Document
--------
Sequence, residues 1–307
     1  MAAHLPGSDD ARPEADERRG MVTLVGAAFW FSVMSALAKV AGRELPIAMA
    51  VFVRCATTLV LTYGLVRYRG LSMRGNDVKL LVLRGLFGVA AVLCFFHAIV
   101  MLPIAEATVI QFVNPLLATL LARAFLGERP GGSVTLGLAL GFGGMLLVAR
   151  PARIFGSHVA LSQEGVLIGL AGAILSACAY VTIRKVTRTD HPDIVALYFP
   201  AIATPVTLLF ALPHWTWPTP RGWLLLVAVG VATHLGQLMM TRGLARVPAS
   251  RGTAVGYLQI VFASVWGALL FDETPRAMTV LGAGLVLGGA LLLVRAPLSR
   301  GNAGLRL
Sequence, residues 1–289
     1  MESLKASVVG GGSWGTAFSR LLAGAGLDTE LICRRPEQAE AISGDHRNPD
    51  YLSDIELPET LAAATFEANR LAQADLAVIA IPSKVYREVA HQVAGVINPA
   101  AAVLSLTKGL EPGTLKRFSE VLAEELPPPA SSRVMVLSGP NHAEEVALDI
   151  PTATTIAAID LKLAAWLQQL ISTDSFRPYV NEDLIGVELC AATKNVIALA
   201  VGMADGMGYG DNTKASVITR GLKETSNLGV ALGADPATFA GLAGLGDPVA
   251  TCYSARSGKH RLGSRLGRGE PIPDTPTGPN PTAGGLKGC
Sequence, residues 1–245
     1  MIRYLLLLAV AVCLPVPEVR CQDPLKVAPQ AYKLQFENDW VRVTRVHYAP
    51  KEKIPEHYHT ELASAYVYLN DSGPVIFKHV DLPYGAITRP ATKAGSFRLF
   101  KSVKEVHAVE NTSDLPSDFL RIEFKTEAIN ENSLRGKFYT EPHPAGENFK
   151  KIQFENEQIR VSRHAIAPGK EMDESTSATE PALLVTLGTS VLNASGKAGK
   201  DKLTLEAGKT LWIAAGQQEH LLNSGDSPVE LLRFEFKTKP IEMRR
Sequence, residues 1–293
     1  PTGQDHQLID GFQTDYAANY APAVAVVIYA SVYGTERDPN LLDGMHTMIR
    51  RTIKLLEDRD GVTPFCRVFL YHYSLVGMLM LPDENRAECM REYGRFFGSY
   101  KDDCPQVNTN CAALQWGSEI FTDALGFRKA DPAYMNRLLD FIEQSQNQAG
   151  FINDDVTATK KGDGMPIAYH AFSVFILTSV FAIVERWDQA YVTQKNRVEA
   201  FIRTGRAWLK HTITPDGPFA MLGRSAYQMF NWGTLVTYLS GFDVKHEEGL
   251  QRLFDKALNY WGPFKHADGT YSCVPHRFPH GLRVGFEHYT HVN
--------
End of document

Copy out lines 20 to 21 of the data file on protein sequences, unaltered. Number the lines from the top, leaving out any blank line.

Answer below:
   151  KIQFENEQIR VSRHAIAPGK EMDESTSATE PALLVTLGTS VLNASGKAGK
   201  DKLTLEAGKT LWIAAGQQEH LLNSGDSPVE LLRFEFKTKP IEMRR